Ahead of a May 20 trip to Ciudad Juarez, Mexican President Felipe Calderon took to his Twitter account to praise the embattled border city for a 60 percent drop in murders from late 2010 to the present.
“Visiting Ciudad Juarez. With the program ‘Todos Somos Juarez’ [We Are All Juarez], the homicides have been reduced from a daily average of 11 to 4,” the president Tweeted.
He followed with a further post saying, “In the 60 percent drop in the murder rate in Juarez, the actions of the Federal Police have been key.”
A similar announcement was made by Chihuahua Governor Cesar Duarte several weeks ago, but this was the first time the president had commented on it.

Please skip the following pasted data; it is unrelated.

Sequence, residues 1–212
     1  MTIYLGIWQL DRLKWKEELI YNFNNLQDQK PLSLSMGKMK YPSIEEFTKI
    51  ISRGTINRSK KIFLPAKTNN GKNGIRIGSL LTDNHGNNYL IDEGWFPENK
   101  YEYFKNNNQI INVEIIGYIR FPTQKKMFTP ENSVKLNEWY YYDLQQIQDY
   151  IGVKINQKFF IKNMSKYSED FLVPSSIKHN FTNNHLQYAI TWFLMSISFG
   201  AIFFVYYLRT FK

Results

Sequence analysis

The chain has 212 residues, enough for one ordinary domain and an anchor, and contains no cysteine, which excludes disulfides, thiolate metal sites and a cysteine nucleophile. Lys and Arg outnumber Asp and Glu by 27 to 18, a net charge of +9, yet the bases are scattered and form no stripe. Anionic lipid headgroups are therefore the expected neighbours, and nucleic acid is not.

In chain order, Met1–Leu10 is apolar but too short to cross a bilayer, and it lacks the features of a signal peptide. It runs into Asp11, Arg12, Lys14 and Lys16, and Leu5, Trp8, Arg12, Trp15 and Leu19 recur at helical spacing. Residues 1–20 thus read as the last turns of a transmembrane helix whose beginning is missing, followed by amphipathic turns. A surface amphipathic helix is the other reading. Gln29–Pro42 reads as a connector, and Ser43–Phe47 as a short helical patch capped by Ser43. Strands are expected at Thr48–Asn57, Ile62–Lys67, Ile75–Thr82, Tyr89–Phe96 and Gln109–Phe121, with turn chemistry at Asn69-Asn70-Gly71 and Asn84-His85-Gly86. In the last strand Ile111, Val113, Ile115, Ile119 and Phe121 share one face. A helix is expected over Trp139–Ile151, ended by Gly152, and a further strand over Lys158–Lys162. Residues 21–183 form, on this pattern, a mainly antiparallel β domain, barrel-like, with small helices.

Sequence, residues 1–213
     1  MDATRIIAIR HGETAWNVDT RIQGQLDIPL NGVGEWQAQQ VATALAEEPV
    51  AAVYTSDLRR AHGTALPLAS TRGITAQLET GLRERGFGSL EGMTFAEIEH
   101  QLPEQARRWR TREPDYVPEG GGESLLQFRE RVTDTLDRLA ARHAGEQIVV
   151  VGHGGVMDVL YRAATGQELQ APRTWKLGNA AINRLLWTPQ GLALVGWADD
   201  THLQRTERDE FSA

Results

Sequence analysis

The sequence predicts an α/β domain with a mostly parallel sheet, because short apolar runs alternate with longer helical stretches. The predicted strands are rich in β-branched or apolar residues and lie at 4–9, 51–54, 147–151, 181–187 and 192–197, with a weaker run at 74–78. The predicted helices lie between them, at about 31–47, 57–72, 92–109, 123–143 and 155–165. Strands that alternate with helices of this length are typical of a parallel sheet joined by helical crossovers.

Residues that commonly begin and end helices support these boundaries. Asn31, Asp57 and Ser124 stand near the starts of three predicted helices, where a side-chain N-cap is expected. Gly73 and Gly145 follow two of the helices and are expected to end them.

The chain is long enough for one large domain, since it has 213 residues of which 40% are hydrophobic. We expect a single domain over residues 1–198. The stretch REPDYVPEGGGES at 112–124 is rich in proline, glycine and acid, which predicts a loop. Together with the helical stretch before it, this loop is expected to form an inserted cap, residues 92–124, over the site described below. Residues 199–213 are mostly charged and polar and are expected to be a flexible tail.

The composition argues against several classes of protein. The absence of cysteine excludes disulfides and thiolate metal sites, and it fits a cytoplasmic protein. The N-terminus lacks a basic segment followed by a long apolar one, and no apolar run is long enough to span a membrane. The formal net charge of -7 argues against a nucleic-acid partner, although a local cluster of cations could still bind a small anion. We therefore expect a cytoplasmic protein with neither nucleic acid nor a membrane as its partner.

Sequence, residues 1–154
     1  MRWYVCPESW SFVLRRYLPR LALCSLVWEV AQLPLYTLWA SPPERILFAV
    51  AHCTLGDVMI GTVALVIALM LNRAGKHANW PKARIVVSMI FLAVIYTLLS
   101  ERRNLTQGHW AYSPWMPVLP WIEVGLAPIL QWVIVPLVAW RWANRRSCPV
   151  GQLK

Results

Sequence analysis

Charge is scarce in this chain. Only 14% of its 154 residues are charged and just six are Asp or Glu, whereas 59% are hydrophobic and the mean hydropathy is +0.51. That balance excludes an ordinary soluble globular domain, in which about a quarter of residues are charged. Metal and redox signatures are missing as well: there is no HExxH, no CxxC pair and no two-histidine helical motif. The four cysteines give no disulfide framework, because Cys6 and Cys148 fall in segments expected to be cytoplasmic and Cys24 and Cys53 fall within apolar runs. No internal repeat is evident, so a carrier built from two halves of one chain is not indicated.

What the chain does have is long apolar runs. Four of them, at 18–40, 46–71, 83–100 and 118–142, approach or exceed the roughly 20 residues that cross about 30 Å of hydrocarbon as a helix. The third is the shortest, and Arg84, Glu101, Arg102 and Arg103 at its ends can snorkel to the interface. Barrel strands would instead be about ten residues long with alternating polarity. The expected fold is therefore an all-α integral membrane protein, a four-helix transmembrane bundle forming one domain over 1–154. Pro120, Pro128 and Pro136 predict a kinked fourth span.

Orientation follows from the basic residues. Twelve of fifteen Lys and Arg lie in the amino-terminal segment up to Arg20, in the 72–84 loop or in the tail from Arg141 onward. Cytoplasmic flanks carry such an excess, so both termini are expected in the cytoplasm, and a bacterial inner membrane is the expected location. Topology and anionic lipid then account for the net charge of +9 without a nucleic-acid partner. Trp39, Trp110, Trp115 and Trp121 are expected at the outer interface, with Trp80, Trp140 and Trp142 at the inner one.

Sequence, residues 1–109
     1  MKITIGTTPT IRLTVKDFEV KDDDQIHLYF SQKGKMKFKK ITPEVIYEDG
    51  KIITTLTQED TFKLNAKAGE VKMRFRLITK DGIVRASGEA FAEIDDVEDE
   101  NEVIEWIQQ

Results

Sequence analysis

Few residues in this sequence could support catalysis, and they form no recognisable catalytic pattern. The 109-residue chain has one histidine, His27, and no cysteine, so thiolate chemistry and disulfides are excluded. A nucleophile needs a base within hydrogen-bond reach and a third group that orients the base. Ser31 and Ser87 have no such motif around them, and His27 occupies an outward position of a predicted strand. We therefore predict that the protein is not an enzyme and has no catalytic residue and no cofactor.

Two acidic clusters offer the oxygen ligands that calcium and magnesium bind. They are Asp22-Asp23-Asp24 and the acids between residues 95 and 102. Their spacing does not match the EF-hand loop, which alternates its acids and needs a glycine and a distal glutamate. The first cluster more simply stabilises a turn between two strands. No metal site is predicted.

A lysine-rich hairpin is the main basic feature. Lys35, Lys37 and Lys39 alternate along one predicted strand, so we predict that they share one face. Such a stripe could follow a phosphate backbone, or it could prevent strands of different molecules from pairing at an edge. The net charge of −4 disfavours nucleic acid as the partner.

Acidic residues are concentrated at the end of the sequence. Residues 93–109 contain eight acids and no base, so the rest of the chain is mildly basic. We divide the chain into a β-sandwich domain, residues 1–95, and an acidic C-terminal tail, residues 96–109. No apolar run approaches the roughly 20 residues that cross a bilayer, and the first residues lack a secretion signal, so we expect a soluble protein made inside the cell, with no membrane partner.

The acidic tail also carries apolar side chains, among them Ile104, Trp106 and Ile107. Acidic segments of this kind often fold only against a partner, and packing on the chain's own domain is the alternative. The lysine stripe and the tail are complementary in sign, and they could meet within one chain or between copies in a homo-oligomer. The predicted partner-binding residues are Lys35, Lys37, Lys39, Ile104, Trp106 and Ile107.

Calderon offered no explanation of how the Federal Police deployment succeeded in lowering the violence when the preceding army operation had failed. The Federal Police announced a security plan in November that involved a heavy concentration of officers to create “islands” of security in the most dangerous areas of the city. However, little has been published on the Federal Police’s tactics since then, so it’s difficult to assess whether the agency’s new plan had much of an impact.
Nor did Calderon explain what Todos Somos Juarez, a relatively modest and long-term social-spending program, had to do with the drop in violence.